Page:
Certain Plaintiffs in Pella Case Object to Proposed SettlementOctober 5th, 2012 | Category: Industry News
Certain plaintiffs in Saltzman vs. Pella, a class-action lawsuit involving Pella’s ProLine casement, awning and transom windows made in 2006 and earlier, are objecting to a proposed settlement filed in June. Pella and the plaintiff’s law firm filed the proposed settlement agreement in June in the federal district court in Chicago, and is pending court approval.
However, on August 28 both parties filed a reply to the joint motion for preliminary approval of the settlement.According to the plaintiffs reply, three class representatives object to the plaintiffs request that the court preliminarily approve the product settlement. Their position is that “the settlement is so feeble that the Court should stop the settlement process dead in its tracks and thus not even permit the dissemination of class-wide notice giving class members the opportunity to opt out or otherwise weigh in on their views of the settlement,” according to the reply.
The plaintiffs say their objections are based on four items: a mistaken understanding of the limited nature of the certified classes; a mistaken understanding of the benefits provided under the settlement agreement; a mistaken understanding of the arbitration process that the settlement establishes for larger dollar claims; and false allegations of self-dealing in the settlement process.
However, the defendants’ reply in support of approval say the plaintiffs’ objections are flawed for three main reasons: objectors understate the risk, complexity and uncertainty of ongoing litigation; objectors misuse the replacement rate to manipulate their valuations; and objectors alleged “warning signs” do not diminish the fairness and adequacy of the proposed settlement, according to court documents.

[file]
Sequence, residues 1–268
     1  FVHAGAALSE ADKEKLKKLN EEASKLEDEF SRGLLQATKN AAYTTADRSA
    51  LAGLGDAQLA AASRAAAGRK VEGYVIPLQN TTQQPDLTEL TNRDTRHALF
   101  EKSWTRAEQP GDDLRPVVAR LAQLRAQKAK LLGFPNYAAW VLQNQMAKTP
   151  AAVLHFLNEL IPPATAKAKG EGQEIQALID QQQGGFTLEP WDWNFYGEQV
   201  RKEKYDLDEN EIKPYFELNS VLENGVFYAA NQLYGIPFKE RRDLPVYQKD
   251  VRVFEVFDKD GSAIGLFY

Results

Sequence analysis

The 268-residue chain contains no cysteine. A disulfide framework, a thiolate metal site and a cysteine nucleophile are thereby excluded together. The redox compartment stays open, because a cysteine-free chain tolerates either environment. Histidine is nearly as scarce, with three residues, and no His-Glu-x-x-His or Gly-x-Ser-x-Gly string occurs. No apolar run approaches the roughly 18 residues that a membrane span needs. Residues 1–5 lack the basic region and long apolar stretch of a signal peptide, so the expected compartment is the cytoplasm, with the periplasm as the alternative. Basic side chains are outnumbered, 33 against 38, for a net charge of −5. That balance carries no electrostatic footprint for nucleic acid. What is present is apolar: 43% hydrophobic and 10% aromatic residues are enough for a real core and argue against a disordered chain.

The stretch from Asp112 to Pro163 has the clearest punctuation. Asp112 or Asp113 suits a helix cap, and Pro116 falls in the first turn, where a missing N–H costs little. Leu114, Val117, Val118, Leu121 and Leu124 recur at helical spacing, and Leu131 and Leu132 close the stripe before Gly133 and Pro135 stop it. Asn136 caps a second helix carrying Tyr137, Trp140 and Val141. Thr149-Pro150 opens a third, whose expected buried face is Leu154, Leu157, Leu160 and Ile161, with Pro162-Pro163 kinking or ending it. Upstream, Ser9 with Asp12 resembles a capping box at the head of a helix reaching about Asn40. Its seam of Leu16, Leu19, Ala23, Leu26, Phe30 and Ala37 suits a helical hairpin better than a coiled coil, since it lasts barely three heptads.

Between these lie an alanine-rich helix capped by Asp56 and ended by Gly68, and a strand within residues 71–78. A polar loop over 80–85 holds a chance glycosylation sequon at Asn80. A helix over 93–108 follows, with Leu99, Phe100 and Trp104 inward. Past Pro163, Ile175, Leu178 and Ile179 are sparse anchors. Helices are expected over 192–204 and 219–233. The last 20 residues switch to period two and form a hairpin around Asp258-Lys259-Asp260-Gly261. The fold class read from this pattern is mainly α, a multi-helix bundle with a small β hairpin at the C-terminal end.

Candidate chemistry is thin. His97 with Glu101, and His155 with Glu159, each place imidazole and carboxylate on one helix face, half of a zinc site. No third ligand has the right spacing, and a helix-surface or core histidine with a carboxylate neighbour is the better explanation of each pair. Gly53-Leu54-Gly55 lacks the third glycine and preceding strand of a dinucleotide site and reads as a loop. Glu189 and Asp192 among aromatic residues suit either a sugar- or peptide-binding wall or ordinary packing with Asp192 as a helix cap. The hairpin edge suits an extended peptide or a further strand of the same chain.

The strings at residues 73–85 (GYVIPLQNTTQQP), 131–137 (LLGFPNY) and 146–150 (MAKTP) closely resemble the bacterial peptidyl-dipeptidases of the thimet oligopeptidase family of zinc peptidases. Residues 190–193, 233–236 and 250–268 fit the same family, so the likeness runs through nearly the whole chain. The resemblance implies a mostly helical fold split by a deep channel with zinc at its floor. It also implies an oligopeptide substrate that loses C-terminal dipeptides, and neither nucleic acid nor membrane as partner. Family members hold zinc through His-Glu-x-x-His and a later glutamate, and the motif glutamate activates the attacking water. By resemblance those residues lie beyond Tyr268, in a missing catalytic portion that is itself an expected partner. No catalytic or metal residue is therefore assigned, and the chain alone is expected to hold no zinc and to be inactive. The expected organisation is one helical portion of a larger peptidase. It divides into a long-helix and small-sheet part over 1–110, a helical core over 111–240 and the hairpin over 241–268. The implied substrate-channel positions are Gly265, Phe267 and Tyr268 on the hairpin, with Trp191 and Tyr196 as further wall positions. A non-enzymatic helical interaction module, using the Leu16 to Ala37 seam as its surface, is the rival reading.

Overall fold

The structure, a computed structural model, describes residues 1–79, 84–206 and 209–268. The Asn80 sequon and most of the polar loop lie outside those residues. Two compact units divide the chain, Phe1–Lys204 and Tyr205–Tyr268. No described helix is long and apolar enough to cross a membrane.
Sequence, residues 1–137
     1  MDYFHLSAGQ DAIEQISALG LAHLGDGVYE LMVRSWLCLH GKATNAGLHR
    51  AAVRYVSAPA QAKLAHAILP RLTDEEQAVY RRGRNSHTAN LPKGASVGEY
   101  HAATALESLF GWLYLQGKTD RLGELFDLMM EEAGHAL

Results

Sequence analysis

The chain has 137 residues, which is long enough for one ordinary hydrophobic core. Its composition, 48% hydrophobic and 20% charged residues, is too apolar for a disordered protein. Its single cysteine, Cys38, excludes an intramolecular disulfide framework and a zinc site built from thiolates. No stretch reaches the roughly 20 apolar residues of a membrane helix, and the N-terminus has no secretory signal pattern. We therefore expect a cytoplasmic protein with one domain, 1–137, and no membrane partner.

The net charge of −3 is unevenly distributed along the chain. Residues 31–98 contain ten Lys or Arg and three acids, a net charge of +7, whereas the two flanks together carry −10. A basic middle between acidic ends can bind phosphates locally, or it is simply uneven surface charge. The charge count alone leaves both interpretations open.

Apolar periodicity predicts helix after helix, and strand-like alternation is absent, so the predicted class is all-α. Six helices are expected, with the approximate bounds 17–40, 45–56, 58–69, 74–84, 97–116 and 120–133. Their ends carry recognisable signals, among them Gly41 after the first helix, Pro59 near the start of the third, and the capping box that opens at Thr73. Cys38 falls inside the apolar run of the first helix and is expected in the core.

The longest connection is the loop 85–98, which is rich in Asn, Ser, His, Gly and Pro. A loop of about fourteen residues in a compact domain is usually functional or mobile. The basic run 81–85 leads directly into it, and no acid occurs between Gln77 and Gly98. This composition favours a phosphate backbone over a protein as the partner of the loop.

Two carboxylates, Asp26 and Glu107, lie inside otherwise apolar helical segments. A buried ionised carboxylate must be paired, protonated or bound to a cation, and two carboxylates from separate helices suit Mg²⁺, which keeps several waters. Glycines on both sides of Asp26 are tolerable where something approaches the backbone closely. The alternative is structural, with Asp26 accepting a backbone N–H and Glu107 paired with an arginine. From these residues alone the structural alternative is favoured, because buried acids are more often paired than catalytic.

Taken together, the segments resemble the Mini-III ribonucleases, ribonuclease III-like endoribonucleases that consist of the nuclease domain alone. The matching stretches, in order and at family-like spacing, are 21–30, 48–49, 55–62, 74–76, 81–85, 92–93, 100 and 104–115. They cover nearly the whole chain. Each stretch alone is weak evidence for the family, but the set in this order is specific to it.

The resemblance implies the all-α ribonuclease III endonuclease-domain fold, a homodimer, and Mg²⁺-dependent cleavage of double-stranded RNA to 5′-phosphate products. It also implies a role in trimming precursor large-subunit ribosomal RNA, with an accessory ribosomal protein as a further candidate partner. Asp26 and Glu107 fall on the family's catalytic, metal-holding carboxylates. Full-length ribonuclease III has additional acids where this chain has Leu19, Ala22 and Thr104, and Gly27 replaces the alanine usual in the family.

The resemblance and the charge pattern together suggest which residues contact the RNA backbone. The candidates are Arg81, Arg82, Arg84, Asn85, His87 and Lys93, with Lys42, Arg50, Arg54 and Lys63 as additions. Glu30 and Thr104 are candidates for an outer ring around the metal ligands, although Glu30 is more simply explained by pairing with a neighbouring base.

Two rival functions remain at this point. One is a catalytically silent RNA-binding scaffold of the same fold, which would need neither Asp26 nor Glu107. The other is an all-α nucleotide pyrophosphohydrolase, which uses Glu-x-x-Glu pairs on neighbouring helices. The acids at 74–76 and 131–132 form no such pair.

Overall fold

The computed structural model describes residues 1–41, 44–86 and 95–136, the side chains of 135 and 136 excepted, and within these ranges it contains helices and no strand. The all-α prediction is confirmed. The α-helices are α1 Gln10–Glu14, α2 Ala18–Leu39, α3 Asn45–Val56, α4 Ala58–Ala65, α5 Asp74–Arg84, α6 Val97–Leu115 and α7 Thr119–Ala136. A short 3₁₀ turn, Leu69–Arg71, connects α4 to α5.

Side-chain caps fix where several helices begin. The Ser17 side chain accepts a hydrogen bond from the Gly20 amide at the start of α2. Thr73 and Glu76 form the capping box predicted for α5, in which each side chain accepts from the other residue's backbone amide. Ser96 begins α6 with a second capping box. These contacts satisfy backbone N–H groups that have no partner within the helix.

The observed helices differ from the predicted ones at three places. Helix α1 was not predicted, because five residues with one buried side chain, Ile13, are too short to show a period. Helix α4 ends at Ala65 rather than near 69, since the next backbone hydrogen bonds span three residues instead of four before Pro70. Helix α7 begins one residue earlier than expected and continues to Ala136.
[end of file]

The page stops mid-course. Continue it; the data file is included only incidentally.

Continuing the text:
The defendants filed another reply on September 26 in support of joint motion for preliminary approval of the class action settlement in response to the objectors’ sur-reply. Among their arguments is the fact that “the declaratory class does not cover those who already replaced or repaired their Pella ProLine casement windows with eligible damage. Objectors’ argument that a hypothetical settlement based off of the declaratory class is flawed because such a settlement would leave those who already repaired or replaced their windows without any relief,” writes counsel for Pella.
“We believe the proposed settlement framework in the Saltzman complaint is fair and reasonable,” says Kathy Krafka-Harkema, Pella spokesperson, in a statement to DWM magazine. “It extends our existing customer support program with a claims process for older ProLine casement, awning and transom windows, and represents the good faith efforts of Pella and the plaintiffs counsel to reach a settlement.”
“In the overwhelming majority of cases, our Pella windows performed extremely well and as designed. We know that we have addressed our customers’ service needs over the years, and therefore the numbers stated by the objectors and their counsel significantly overstate the potential for those customers who may have older windows in the class that may need service. We know that each home or building is unique and the settlement is designed to address the relatively small number that may have experienced a problem. Pending review by the court, customer notifications could begin as early as this fall,” she adds.
Stay tuned to dwmmag.com for continuing updates as they are made available.